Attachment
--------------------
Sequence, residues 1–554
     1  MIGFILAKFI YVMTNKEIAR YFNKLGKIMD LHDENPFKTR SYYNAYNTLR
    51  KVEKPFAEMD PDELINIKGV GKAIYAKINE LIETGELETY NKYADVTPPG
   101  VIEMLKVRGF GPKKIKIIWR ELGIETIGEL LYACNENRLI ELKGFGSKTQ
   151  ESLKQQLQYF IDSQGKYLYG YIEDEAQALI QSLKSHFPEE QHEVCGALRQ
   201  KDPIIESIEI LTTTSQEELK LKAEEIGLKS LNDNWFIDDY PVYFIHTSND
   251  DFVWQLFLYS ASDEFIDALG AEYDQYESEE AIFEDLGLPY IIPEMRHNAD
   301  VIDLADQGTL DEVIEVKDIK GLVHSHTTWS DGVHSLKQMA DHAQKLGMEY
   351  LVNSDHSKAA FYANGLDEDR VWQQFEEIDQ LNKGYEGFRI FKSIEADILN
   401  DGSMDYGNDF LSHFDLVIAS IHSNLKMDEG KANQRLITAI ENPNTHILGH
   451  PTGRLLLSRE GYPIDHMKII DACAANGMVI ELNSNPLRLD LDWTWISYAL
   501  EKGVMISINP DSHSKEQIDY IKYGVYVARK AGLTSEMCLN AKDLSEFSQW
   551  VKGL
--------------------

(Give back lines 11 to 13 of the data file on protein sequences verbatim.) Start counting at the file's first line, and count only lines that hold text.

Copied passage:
   451  PTGRLLLSRE GYPIDHMKII DACAANGMVI ELNSNPLRLD LDWTWISYAL
   501  EKGVMISINP DSHSKEQIDY IKYGVYVARK AGLTSEMCLN AKDLSEFSQW
   551  VKGL